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The Dangers of Petting Zoos

Zuzana Bleha
July 18, 2017



Summer break is here and children are out of school and headed to camps or trips with their families. If one of your plans is to head to a petting zoo or anywhere around farm or wild animals, take note of the nasty and sometimes serious illnesses you or your children can catch if you're not careful.

Zoonotic diseases are diseases caused by germs be

tween animals and humans. A lot of animals carry some type of parasite or disease and many of them can be spread to humans through direct contact with animals, their feces, bodily fluids, surroundings or food. Common zoonotic diseases include e.Coli, salmonella, campylobacteriosis and listeria. These can cause gastrointestinal illness, fever and possibly death.


Common Zoonotic Diseases


According to the CDC, here are some of the zoonotic diseases you can be exposed to from farm animals:


E. coli


Escherichia coli is a type of bacteria that is normally found in the intestinal tracts of healthy farm animals. Most types of E. coli are harmless, but some can cause serious disease in people. E. coli is a common food-borne bacterium, but it can also be transmitted to people by farm animals and their environment. Farm animals including sheep, goats, calves, and backyard poultry affected by E. coli might not show any signs of disease.


Symptoms in people vary but often include severe stomach cramps, diarrhea (often bloody), and vomiting. Although E. coli infection rarely ends in death, blood in the urine is a sign of more severe disease potentially affecting the kidneys1.




Salmonella is a type of bacteria that spreads to people through contaminated food (eggs and meat) or water or contact with the stool of affected animals, particularly poultry. Salmonella can be found on the bodies of healthy animals when even when they appear healthy and clean. Although it usually doesn’t make farm animals sick, Salmonella can cause serious illness when it is passed to people.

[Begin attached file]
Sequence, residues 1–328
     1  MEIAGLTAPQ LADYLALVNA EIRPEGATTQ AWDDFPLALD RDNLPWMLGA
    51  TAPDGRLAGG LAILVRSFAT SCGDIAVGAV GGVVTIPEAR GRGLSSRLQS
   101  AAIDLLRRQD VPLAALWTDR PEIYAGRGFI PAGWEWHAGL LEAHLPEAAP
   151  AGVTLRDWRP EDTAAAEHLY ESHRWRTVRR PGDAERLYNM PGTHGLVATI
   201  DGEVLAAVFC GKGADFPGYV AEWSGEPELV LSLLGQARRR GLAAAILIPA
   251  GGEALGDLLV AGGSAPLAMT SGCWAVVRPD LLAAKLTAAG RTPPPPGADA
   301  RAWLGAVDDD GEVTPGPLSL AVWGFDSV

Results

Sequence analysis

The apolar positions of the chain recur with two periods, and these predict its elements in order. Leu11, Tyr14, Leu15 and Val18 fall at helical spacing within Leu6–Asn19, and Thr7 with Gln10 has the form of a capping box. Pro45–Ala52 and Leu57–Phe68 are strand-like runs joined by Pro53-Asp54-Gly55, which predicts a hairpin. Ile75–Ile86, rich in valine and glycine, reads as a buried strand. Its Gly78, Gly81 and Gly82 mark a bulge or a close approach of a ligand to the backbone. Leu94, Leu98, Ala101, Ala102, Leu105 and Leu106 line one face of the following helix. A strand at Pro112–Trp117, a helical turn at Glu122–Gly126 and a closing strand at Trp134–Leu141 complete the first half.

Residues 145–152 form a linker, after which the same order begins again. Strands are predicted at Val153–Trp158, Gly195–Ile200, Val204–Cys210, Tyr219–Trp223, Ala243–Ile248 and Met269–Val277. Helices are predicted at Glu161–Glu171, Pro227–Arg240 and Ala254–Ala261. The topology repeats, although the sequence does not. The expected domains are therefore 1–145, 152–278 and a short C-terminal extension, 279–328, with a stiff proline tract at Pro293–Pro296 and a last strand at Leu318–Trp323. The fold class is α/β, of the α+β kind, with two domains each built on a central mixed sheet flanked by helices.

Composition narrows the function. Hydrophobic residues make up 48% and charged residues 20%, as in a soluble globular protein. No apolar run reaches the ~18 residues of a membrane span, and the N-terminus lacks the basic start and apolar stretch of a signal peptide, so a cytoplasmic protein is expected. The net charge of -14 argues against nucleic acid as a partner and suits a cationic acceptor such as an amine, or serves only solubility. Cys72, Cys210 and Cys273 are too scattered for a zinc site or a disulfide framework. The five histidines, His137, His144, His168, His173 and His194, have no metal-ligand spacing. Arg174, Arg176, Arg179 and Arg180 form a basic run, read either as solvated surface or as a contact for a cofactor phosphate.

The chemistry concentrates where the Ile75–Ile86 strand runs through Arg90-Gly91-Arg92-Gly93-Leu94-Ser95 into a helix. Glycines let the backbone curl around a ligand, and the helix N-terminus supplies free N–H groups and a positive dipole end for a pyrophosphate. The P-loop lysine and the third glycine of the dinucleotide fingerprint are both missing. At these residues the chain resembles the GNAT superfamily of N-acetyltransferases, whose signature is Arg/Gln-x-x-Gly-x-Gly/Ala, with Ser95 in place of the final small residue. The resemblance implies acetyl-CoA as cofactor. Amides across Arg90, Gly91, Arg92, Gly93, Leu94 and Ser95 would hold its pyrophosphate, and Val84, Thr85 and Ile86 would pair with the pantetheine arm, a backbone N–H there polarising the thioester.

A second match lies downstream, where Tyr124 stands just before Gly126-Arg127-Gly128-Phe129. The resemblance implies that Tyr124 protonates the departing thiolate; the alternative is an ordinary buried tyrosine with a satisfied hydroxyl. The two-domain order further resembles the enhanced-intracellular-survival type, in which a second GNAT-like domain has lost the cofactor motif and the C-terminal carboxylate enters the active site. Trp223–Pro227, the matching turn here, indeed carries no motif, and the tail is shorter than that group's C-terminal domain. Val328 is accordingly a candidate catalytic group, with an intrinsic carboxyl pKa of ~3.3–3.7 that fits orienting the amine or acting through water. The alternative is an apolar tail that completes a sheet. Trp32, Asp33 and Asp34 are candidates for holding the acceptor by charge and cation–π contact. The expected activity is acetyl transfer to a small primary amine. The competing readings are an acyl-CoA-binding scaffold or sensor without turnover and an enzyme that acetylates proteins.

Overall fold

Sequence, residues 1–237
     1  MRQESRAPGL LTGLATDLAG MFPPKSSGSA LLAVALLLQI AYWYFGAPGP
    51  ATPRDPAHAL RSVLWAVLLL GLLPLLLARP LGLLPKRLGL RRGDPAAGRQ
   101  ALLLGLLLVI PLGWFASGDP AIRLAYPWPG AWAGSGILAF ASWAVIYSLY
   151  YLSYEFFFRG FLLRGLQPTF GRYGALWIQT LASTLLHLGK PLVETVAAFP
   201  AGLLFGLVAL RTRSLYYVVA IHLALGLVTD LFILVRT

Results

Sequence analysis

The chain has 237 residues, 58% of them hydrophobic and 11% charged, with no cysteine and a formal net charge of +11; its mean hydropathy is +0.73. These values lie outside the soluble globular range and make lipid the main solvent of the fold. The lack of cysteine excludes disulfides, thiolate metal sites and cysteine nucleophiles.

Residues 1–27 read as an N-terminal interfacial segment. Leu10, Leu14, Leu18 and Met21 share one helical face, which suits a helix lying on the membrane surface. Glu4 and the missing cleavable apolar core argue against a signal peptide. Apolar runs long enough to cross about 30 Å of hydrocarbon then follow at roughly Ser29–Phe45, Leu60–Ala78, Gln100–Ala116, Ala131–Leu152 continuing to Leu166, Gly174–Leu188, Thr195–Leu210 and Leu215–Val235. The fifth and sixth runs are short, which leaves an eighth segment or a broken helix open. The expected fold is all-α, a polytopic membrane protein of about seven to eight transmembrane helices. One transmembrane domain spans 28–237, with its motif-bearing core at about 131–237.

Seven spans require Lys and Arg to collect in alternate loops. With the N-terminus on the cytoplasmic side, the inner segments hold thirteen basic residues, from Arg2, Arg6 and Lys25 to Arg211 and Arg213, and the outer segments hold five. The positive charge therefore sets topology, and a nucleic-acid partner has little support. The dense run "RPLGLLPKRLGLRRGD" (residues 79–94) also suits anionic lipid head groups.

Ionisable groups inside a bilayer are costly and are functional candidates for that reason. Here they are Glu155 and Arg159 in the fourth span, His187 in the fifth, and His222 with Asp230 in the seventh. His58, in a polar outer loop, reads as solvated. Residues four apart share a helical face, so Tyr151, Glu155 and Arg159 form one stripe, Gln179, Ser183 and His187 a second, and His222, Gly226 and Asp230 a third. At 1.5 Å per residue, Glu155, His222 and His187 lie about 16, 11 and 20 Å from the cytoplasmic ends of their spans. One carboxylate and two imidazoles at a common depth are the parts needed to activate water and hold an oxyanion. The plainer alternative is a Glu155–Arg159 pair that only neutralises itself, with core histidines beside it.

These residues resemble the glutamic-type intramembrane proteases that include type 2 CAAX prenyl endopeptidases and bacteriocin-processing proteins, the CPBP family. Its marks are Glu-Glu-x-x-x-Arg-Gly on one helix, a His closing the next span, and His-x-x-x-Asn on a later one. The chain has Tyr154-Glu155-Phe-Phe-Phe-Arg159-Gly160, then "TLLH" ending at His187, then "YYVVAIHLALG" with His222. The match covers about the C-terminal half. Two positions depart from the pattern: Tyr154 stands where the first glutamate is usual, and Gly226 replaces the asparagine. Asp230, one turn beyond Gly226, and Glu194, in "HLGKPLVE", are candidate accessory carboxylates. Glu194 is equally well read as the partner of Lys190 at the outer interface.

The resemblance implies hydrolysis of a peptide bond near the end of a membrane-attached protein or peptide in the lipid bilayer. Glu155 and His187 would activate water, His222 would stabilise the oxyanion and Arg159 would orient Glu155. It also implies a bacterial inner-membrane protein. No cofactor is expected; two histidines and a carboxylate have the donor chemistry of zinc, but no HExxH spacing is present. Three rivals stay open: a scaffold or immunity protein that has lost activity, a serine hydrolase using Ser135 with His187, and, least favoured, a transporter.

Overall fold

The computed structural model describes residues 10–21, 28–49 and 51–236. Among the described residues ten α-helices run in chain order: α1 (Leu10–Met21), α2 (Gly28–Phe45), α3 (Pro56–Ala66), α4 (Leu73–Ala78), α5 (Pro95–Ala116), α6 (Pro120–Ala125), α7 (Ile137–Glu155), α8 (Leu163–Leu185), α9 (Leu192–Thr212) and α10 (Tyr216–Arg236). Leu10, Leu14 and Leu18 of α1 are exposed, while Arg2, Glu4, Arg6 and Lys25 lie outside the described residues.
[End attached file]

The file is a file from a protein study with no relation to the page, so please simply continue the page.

People exposed to Salmonella might have diarrhea, vomiting, fever, or abdominal cramps. Infants, elderly persons, and those with weakened immune systems are more likely than others to develop severe illness1.




Campylobacter is shed in the stool of infected animals. It is spread to people through contaminated food, water, or direct contact with contaminated stool. Many animals, including farm animals, may carry the bacteria without looking sick. 


Most people who become sick with campylobacteriosis will have diarrhea, cramping, abdominal pain, and fever within 2-5 days after exposure to the bacteria. Campylobacter can cause serious life-threatening infections in infants, the elderly, and those with weak immune systems1.




Listeria monocytogenes is a type of bacteria that is spread to people and animals through contaminated food, soil, or water. Farm animals that are at risk for Listeria infection include sheep, cattle, goats, and occasionally pigs. Infected animals can have a variety of signs including drooping ears or lips that hang open. Animals sometimes become disoriented and press themselves into corners. Listeria can also cause reproductive problems including abortions and can lead to death of the infected animal.


Listeria is spread to people most commonly through contaminated food. Some people who are affected may not have any signs at all, but the disease can cause headache, stiff neck, confusion, loss of balance, and convulsions in addition to fever and muscle aches. Listeria infections during pregnancy can be life threatening for the fetus1.


Prevention and Care


Petting goats, feeding llamas, holding chicks, these are all activities adults and children can still enjoy with a little bit of caution. Here are some tips for prevention of zoonotic diseases:


  • Frequent hand washing is the most important thing you can do when visiting a facility with animals. Bacteria can grow and double in number in less than 20 minutes! Make sure to wash your hands with soap and water for a minimum of 20 seconds. Remember to get the often missed areas such as underneath your fingernails. You can watch a video on the proper hand washing technique at this link . If water is not available, bring a hand sanitizer with at least 70% alcohol with you.


  • Don't bring food that you're consuming near the animals or share food with animals.


  • Don't allow children in contact with animals to put their fingers in their mouths or to touch their face until they have washed their hands thoroughly


  • Look out for facilities that do not have accessible sinks, restrooms, washing stations or sanitizer available close to the animals


  • Facilities should educate visitors on the importance of hand washing with posters and sineage and instruction


Download Hand Washing Posters


Activities around animals can be fun and therapeutic but it's also important to remember that there are invisible risks involved. Take the time and care to keep yourself and children safe around animals by frequently washing your hands.



 1 CDC - Farm Animals/Healthy Pets " 


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